3-Wheeler Ban Fiasco: Quader admits to political pressure
Road Transport and Bridges Minister Obaidul Quader yesterday admitted that the government could not fully implement the ban on the movement of locally-made three-wheelers' on highways due to opposition from many politicians, including public representatives.
“Many politicians of the country are behind it. We give order [banning these three-wheelers] … on the other hand, many public representatives encourage the plying of such vehicles,” he said, without naming anyone.
“For this reason, I often say all problems will be solved if we can fix politics. The main problem lies here,” said Quader, also the general secretary of the ruling Awami League.
Currently, most of the lawmakers and other public representatives of the local government bodies, including district, upazila, union councils and municipalities, belong to the AL.
Quader was speaking at views-exchange meeting on road accidents organised at his ministry. The programme was attended, among others, by road safety experts, campaigners, leaders of transport owners and workers, and officials from the ministry and police.
The plying of slow and fast vehicles side by side remains a major cause of accidents that claim hundreds of lives every year. The number of slow vehicles increases during the Eid rush, causing more fatalities, according to experts and transport leaders.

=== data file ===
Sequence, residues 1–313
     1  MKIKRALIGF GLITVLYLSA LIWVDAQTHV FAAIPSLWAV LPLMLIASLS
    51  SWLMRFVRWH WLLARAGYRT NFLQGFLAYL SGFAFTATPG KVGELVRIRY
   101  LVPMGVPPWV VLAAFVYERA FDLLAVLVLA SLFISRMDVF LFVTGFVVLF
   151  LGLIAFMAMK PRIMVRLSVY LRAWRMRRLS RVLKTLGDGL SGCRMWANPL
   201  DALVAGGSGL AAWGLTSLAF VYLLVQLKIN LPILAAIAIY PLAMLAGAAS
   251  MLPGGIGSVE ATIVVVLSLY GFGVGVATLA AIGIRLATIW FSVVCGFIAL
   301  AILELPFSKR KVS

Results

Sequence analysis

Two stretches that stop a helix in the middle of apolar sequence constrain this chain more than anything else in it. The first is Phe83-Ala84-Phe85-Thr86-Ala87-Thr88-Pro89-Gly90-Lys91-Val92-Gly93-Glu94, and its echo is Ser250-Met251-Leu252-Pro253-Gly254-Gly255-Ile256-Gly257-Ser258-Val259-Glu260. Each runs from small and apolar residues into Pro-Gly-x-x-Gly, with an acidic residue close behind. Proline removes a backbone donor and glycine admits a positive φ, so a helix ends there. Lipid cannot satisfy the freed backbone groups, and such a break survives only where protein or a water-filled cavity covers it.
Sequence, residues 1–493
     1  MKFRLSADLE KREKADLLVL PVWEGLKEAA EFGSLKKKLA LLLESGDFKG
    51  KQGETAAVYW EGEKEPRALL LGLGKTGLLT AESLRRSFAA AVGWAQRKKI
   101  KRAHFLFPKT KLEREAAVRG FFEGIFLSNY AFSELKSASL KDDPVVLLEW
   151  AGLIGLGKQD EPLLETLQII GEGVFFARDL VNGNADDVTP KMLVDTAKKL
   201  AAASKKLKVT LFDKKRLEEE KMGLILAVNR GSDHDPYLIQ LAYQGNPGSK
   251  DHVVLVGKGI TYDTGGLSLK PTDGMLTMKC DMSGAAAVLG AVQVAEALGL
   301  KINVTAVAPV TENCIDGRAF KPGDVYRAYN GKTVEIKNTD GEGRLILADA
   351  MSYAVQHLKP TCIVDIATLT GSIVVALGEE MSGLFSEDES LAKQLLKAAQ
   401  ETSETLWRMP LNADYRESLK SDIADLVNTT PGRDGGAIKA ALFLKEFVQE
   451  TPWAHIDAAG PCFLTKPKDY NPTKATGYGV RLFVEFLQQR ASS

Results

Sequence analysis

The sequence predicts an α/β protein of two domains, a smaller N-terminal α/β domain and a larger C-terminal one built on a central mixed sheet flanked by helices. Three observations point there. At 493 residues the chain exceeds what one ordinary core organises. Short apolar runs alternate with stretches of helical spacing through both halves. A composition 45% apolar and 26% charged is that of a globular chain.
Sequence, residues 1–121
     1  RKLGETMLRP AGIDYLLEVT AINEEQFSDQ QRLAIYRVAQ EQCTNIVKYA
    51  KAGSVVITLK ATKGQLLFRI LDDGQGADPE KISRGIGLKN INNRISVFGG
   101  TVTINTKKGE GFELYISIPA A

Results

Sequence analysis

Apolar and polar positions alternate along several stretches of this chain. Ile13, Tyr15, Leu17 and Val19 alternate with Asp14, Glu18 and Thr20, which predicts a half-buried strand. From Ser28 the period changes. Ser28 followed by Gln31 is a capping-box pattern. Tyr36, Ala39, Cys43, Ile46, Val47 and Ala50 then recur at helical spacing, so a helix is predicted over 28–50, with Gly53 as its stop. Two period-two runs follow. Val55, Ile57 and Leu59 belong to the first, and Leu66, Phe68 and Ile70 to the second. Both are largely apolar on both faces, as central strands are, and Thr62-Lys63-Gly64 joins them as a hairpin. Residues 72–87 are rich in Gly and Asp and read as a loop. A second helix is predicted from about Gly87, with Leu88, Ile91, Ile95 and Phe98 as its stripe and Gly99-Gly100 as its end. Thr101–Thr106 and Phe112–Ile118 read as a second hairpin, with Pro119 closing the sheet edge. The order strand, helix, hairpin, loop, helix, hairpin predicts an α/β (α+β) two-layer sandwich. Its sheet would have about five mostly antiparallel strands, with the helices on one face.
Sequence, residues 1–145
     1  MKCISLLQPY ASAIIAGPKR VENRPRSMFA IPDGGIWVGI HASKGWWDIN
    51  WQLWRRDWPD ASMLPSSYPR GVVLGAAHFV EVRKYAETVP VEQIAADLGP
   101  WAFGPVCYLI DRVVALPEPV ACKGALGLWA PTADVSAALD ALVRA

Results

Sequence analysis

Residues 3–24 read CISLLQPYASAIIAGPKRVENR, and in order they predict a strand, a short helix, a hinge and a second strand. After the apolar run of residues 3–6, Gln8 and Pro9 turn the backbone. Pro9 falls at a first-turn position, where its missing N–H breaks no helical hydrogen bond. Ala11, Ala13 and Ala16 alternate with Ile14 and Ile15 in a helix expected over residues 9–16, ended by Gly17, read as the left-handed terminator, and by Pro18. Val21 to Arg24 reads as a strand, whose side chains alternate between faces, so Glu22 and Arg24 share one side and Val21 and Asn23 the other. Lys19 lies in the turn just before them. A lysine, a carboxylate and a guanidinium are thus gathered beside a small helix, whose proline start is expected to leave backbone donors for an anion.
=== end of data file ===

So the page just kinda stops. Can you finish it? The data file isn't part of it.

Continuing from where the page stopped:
In July 2015, the road transport and bridges ministry had banned the movement of three-wheelers and other slow and unfit vehicles on 22 national highways across the country. The ban came into effect later on August 1 and on several occasions, the ministry issued directives to implement it.
But, the vehicles continue to operate on the highways, causing frequent road crashes.
Obaidul Quader claimed that they have been able to remove 60 to 90 percent of the three-wheelers from the highways. “Recently, battery-run rickshaw has become a new menace,” he said.
He said there were several hundred easy bike factories in the country and that they ordered the local administrations to shut those down. “But the implementation rate is zero,” he said, referring to the order. “Sometimes, I feel helpless.”
Asked about the recent road accidents, he said, “I am also a human being. This [road accident] also affects me.”
Obaidul claimed that he convened several hundred meetings over the road safety issue and visited roads during days and nights during his seven-year tenure as the minister. “I have been working round-the-clock for the country. But if people do not get its benefit, the work has no value. I can't demand credit for it.
“There is a serious lack of coordination. The government has taken many projects [in this regard] but the implementation rate is very slow,” he said.
Responding to the demand for amending the proposed Road Transport Act, 2018, he said, “It's not yet final. Still there is scope for revision.”